It has been observed that the shellcode simply decrypts and executes the embedded malware (a Portable Executable library) and consists of two phases: The first is what is known as “egg hunter”, that means, a code that locates and executes another code. In this case, the “egg hunter” locates the second part of the shellcode in Memory, decipher it and jump to said deciphered second part. The second part looks for the label 0xBABABABA (which is the marker that the attacker has used to indicate the direction in which the malware starts) and it applies a XOR decryption over all the DWORDs that make it up using the key 0xCAFEBABE until it reaches the end tag of malware labeled with 0xBBBBBBBB. By last, it uses the key 0xBAADF00D to decipher the document that will replace the original one.




As often happens in Portable Executable files, it contains many zeros. So, when encrypting these zeros with the key, the key is reflected in the encrypted text itself.



As you can see in the previous image, there are multiple appearances of the little endian  0xBEBAFECA DWORD, so this implies that, 0xCAFEBABE is the XOR key.

Making use of this information, a script which performs the extraction and decryption of the embedded file allowing the later static analysis has been developed.

————————————————– START CODE ———————————————–

#!/usr/bin/env python

# -*- coding: utf-8 -*-








#It reads the document bytes




#It extracts the embebbed bynary file



#It decrypts the embebbed file bytes


for pos in range(0,len(pe_encoded), 4):






except IndexError:



#It saves the embedded malware after its decryption




————————————————– END CODE ———————————————–


Malware analysis

Next we analyze the resulting malware.

Size277KiB (282950 bytes)
TypePE (Portable Executable)
CompiledThu Sep 21 08:21:08 2017


First, three hardcoded URL directions which belong to the domain have been identified:




Then, a whois query has been made over the attacking domain, identifying that it is of russian origin and It was created during the month before the compilation of the document embedded library file.



In addition, a DNS historical domain has been obtained, detecting that the day after the creation of the same it pointed to an US IP address ( from a provider of various cloud services (hxxps:// that the attackers used to host the malicious load of this malware.



It has been observed that the malware tries to download the two malicious CAB files hosted in the command and control server (C&C) under the names: logo.jpg and readme.txt using the following function:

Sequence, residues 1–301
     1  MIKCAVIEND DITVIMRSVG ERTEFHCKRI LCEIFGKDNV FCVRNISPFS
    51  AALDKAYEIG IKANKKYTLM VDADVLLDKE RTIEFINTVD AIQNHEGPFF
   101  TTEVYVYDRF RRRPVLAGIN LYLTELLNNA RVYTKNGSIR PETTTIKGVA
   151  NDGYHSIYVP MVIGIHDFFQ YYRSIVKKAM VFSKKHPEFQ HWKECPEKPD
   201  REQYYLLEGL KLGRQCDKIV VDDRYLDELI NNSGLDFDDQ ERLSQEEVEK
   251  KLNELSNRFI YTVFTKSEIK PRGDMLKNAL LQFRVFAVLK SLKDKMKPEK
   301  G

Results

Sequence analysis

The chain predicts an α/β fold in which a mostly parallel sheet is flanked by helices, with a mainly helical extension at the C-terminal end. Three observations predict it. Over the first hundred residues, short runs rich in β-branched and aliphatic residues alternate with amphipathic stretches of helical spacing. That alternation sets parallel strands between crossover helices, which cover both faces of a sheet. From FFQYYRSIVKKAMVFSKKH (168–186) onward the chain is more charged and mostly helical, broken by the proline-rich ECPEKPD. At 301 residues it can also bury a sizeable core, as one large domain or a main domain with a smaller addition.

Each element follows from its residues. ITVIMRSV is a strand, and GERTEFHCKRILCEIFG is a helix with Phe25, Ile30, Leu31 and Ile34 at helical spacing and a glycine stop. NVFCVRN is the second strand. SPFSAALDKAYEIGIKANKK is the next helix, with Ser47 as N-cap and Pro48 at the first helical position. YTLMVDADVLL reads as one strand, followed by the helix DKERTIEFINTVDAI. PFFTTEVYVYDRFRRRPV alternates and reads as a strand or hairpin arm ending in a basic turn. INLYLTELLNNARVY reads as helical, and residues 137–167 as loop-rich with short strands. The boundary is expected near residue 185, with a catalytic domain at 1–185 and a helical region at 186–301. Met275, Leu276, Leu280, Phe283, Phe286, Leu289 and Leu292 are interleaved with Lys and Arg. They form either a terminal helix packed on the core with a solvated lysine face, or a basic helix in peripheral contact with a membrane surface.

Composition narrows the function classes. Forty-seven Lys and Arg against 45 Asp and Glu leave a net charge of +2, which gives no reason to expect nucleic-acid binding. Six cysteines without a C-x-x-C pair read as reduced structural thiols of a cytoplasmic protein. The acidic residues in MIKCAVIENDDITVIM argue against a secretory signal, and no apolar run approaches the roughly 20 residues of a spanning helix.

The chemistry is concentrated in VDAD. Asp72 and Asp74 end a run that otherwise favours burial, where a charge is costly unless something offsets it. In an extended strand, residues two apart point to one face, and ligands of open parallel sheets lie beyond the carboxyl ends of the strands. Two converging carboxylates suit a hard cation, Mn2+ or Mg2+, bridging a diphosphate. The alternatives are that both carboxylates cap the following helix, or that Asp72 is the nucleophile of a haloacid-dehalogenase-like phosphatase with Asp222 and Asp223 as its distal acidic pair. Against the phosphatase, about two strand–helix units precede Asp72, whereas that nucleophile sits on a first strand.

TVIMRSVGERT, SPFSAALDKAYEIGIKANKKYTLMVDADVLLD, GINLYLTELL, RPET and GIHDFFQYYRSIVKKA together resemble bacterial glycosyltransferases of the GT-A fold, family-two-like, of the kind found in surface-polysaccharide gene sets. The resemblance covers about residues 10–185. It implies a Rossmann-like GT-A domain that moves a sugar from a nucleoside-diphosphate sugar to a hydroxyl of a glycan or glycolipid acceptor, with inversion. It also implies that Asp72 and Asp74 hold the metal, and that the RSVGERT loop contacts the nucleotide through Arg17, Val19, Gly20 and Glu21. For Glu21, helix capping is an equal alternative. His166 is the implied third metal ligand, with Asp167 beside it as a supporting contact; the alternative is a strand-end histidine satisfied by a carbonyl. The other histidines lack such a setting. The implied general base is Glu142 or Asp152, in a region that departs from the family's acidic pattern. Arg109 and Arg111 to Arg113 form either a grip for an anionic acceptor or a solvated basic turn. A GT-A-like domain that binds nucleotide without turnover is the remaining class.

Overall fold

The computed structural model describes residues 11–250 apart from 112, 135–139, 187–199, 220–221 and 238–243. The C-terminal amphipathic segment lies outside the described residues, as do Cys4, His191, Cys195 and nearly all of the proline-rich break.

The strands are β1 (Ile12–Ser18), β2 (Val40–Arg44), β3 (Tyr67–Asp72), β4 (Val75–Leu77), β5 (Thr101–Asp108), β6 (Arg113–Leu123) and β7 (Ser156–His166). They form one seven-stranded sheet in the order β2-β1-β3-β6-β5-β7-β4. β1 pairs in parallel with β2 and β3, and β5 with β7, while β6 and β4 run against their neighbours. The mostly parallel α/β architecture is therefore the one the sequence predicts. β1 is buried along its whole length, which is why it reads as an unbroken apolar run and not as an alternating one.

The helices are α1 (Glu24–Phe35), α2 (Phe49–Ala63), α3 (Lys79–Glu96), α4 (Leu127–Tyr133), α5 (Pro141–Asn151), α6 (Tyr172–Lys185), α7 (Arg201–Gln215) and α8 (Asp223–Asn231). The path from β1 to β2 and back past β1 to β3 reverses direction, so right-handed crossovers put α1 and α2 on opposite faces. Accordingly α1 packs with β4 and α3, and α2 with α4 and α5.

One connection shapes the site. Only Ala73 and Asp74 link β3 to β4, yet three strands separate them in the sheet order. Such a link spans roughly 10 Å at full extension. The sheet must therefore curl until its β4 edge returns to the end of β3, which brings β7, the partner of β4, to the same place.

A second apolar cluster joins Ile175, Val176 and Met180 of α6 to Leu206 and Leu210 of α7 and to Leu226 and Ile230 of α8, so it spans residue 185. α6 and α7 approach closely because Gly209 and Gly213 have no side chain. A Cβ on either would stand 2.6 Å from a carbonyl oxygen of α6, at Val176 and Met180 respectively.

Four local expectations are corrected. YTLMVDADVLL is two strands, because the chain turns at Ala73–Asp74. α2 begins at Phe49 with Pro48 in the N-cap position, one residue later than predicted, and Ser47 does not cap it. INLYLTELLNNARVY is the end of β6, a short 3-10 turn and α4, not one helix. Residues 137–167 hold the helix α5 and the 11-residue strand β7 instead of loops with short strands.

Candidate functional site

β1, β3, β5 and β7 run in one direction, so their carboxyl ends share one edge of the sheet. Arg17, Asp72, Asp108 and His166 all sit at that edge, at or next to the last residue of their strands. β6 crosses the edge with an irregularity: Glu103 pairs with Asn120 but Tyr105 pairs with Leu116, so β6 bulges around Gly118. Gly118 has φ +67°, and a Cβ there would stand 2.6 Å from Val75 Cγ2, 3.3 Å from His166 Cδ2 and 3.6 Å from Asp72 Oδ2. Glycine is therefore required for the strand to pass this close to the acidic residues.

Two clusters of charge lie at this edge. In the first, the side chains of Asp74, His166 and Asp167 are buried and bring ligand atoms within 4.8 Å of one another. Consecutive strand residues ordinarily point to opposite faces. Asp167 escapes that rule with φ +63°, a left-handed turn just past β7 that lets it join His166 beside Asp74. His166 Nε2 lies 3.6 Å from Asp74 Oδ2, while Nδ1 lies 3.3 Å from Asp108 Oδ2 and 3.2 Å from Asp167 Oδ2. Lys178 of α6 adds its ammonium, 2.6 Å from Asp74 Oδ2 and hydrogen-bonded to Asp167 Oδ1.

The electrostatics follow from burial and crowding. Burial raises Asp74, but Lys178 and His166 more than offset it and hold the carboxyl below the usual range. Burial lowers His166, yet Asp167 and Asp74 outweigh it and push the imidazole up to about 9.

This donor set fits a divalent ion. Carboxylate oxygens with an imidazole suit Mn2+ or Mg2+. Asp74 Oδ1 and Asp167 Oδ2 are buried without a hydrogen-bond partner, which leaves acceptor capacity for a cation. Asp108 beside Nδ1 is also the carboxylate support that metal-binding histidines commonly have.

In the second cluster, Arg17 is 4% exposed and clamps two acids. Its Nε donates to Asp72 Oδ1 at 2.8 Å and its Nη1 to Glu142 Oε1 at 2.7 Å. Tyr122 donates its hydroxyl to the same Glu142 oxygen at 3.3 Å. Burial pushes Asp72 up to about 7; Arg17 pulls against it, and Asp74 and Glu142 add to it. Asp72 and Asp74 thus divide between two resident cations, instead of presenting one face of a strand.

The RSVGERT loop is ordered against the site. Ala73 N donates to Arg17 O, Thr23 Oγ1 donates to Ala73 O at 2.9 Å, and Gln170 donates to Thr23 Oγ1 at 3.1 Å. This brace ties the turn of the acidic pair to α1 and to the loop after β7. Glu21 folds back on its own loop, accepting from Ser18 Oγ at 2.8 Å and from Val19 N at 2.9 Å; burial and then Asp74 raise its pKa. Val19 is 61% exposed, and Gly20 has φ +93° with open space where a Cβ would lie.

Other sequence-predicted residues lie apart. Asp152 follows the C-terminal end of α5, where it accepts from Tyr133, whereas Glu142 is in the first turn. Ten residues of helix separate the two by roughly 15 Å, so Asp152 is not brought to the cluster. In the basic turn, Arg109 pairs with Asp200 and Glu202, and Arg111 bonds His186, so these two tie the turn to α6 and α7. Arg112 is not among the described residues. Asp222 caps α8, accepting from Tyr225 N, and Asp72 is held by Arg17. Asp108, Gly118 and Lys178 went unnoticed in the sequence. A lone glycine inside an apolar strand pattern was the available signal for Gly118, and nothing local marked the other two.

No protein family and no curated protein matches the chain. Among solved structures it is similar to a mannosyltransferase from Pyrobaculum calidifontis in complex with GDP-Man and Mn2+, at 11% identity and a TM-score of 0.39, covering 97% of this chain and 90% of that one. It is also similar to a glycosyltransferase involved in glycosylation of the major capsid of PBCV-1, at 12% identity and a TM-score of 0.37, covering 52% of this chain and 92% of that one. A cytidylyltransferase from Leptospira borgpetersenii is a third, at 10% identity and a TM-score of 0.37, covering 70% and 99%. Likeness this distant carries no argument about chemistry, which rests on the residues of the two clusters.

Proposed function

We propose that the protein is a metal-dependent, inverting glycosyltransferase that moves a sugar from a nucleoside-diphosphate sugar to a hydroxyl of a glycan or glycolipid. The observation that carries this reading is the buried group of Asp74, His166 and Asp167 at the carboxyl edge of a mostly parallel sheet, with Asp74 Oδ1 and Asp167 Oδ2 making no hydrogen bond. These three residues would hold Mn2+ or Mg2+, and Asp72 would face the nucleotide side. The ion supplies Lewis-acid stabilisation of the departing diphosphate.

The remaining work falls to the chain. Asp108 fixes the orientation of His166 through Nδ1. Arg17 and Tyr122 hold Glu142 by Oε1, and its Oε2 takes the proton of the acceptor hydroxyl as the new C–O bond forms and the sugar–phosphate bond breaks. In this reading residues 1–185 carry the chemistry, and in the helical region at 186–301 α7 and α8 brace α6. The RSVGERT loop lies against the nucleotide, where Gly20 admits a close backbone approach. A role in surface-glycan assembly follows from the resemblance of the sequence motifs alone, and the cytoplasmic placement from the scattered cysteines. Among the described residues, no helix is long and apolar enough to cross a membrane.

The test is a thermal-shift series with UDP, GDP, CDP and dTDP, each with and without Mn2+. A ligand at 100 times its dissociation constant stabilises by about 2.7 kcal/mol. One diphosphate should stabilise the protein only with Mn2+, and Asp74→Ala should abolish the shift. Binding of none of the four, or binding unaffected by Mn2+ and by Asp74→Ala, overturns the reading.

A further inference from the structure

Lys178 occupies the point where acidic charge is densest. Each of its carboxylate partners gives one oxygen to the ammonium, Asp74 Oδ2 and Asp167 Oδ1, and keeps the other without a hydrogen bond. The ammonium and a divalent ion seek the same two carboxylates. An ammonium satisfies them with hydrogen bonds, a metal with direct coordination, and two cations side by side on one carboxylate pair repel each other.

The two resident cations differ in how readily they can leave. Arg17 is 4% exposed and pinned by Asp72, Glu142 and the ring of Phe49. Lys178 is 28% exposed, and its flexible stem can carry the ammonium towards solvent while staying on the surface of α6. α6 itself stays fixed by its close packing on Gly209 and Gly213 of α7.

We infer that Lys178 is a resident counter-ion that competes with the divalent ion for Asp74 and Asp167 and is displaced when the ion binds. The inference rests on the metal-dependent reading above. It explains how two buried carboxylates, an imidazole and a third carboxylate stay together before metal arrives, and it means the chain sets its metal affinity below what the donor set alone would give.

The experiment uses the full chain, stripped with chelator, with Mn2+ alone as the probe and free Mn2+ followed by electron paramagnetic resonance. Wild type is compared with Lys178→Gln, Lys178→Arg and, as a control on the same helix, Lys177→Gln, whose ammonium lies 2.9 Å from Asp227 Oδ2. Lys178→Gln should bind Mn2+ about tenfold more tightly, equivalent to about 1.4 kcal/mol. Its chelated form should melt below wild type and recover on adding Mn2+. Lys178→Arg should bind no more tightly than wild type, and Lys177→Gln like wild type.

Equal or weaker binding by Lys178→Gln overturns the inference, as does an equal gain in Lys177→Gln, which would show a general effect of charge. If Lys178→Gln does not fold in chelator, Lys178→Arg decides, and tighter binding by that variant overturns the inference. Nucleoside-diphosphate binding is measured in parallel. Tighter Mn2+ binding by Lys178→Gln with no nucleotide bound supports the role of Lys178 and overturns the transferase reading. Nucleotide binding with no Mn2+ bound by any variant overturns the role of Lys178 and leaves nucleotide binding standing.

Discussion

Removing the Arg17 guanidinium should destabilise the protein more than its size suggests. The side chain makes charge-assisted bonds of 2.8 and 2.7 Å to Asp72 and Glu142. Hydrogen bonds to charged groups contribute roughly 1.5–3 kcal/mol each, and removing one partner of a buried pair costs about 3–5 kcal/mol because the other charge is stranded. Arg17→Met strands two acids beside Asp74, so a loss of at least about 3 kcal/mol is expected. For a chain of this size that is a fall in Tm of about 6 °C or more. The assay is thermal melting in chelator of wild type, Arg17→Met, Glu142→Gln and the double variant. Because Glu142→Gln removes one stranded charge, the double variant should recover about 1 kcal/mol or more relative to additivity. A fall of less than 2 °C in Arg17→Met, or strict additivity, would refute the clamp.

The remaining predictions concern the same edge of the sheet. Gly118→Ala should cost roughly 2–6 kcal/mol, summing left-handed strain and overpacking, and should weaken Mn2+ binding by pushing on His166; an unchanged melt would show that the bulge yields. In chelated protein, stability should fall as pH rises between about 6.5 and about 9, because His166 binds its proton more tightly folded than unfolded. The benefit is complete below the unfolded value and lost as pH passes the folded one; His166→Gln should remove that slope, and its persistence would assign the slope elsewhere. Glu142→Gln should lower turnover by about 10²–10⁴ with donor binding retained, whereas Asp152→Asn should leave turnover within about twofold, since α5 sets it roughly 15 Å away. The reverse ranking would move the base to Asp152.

Which keeps in temporary paths:



And decompress in the same directory using the system tool “expand.exe” by using the parameters that are observed in the image:



By last, the execution of an avgdate.exe  file which the malware expects, it was created as result of the CAB decompression has been identified.



Further, the library is kept in a loop that runs in a 23 seconds frequency until it manages to download one of these two CAB malwares:



In each iteration, the malicious code collects the following system information.



It access the Windows registry to obtain the user’s SID.



Which subsequently builds on the format string: “aSidUserSCompu”:



For example, in the following image you can see an instance of the malware that has filled this string with the information of one of our laboratory machines by including whether or not it has been able to download and run C&C hosted malware samples. All of this formatted information will be sent to the “gate” by sending a “POST” request over the “news” parameter which the user’s SID is passed.



On the next screen you can see the “gate” URL address previously mentioned:




Our team have noticed a slight increase in the number of malicious office documents that do not use macros. That is why, it is important to keep the software always up to date.

It is recommended to consult only those documents and links that are trusted and, in case of doubt, contact the sender by using a secure communication media.



  • cb3429e608144909ef25df2605c24ec253b10b6e99cbb6657afa6b92e9f32fb5
  • 9209946f3012a37509cb703f55c58b552361f76507acc4786f7b73f6c5092eae
  • c6de846128c9ee10e7894af47c2855e1dc3c7c19f1db0c960f882ab60f522a2e
  • cd4679c14349744b0e2bfa4d385afe49c9cb8540196f893f52c8f50c47cddbec
  • hxxps://
  • hxxps://
  • hxxps://


Author: David Alvarez-Perez, researcher at Gradiant’ Security and Privacy team